Wednesday, May 20, 2015

Meditations on Tackling a Large Research Agenda as a Tenure-Track Faculty Member

I've been thinking more about research agendas and large-scale research projects lately. I'll readily admit (as will my CV) that most of my research before the dissertation consisted of one-off sorts of things. A lit review here, a best practices there, presentations on bits and pieces of my work that all together paint a decent picture of the sorts of things I was working on as a professional academic librarian. But they were never coherently planned as something to present as a set, or to build upon each other. My dissertation is truly the first time I've articulated a large, multi-stage, likely multi-publication research agenda for a particular phenomenon.

My dissertation project itself can, I think, be carved neatly into three separate articles to articulate the research succinctly. The first part, on the relationship between academic library department experience and perceived leadership skill development, was published in The Journal of Academic Librarianship. Another, on how different positions within the library are related to leadership skill development (at staff, librarian, department head, and director level), is in draft form. The third, which discusses the leadership skills academic librarians have the least chance to develop, and the positions that offer the most development opportunities in those rarely-hit areas, is currently undergoing peer review.

In thinking about my research, I find that I would likely do it anyway, because I find the entire process of research interesting and engaging. As a tenure-track faculty member, my colleagues (and my institution) have expectations that I will pursue, and more importantly publish, my research. (If you are new to the tenure-track and its requirements, you should follow Abigail Goben's Open Access Tenure posts, which are richly detailed and--in my experience over the span of a few academic institutions--a fair description of the process.)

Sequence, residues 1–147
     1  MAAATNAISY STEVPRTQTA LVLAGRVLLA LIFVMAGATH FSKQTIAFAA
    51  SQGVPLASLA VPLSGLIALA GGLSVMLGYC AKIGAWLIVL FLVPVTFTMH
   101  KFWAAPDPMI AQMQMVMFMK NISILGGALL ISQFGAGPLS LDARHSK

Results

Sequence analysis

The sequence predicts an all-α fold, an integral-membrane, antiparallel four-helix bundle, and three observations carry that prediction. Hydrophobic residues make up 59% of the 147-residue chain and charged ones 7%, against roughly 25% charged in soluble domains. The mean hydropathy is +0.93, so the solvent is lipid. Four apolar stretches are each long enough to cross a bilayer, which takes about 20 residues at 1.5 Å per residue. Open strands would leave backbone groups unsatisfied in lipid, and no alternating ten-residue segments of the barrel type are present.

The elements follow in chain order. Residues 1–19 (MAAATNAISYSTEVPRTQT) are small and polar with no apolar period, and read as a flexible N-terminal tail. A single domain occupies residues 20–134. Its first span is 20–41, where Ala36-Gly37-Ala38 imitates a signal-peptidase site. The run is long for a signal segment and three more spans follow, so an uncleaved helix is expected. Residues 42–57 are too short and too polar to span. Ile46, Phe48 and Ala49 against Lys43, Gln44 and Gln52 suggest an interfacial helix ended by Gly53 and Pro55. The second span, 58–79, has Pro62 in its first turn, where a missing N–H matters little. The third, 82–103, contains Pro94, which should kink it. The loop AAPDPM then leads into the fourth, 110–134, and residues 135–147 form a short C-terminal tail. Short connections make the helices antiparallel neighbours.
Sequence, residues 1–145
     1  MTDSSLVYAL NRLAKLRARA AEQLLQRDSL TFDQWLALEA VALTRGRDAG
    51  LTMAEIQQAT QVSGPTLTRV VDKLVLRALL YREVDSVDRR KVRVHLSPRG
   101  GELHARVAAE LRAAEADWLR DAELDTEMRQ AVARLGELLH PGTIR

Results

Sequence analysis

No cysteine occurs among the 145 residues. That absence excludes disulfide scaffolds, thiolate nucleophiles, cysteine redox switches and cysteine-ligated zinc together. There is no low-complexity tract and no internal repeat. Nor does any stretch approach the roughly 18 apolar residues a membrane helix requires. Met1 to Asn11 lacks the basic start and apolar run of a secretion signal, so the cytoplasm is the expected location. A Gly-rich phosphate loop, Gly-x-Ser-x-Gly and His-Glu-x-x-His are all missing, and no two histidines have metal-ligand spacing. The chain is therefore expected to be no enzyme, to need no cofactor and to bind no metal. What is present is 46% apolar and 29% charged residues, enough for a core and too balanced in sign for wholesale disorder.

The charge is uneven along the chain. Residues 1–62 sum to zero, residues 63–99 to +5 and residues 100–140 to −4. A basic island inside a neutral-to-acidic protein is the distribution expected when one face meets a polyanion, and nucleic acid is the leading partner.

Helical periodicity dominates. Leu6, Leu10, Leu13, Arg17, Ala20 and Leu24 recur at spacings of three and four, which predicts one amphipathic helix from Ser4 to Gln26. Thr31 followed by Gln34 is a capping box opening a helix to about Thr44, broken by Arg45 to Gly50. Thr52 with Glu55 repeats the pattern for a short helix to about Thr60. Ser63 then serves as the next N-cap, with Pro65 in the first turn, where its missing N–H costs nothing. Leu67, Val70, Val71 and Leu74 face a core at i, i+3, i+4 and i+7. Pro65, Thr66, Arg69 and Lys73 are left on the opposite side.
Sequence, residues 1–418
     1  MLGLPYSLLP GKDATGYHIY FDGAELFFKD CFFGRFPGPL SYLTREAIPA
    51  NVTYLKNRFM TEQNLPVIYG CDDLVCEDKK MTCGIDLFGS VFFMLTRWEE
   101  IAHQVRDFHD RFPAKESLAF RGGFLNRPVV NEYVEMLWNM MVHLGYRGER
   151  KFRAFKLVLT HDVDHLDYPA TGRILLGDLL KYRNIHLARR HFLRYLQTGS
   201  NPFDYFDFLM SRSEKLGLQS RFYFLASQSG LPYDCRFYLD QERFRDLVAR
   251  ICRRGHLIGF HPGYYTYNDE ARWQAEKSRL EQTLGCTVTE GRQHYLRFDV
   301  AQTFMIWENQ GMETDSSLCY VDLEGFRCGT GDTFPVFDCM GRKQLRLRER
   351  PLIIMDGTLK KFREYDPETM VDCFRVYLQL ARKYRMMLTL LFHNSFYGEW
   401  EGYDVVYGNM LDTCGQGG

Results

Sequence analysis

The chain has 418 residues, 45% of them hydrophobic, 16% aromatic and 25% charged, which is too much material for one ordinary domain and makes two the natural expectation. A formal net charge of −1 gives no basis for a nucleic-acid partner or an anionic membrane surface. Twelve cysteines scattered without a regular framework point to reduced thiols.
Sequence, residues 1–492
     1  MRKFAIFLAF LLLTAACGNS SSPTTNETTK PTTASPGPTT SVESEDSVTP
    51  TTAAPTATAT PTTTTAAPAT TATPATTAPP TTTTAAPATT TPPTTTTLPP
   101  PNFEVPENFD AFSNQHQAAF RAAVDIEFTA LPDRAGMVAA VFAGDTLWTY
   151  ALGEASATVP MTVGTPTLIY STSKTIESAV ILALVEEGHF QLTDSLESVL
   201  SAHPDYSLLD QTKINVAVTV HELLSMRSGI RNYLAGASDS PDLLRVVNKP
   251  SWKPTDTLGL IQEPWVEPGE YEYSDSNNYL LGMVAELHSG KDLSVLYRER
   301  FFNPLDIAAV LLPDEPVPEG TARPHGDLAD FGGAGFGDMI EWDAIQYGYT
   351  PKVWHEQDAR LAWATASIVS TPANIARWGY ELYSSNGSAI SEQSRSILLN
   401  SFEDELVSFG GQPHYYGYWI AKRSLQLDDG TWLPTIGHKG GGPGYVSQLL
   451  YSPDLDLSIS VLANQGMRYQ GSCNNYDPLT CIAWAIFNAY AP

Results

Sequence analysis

But there is a larger research agenda at work. I wrestle both with (i) turning the dissertation into journal articles that I hope the profession will find useful, and (ii) to articulate and implement next steps of the research in terms of how I want to publish it, present it, and leverage it in various ways (for instance, to  apply my expertise to consulting work). Some thoughts now that I have had the time to process completing the dissertation and reworking it into journal article form:

  • Re-using data tables. I can get (and have received) publisher permission to re-use data tables from my own articles. This was easy enough to get from Elsevier for some tables in my article in TJAL. I filled out the requisite online form, and since I'm the author and it's my own data tables, I'm allowed to reproduce them at no cost with a footnote noting first publication with and permission from Elsevier. This was important, since things like the demographics for my data are information I'll need to re-use in each article, and I am likely to publish in other journals. It is a good idea to keep track of what parts of your text, tables, and figures you may want for concomitant or future publications, and to work on getting those permissions as soon as you realize you'll need them. It is bound to save you stress later.

  • Methodology. The data analysis part for each article is unique, and so hasn't been reproduced in either of the other yet-unpublished articles from the dissertation, but I'm surprised at what a challenge it is to not self-plagiarize the methodology part of the write-up for each article, since that is effectively the same for the whole research project. Citing myself and the already-published article feels like self-aggrandization, but I can't really see any real way around this (however, ideas are welcome - please send them in the comments!). I'm adding this to Things I Didn't Learn in Various Grad Schools, and Things That Are Relevant To Large Research Projects so I an be sure to share this with my students.

  • Literature reviews. Ditto the self-plagiarization challenge mentioned in the methodology section above. Here I find it slightly easier to avoid completely and exclusively self-referencing with a bit of elbow grease and meticulous research, since instead of just stealing the literature review straight from the dissertation, the smaller write-ups of pieces of the project can really have a more nuanced (and much more brief) review of the literature relevant to just those research questions explored in the article. This (as most everything else), takes far more time than I initially budgeted. Turning your dissertation into articles isn't an easy chop-it-into-pieces job. It really does require re-crafting things.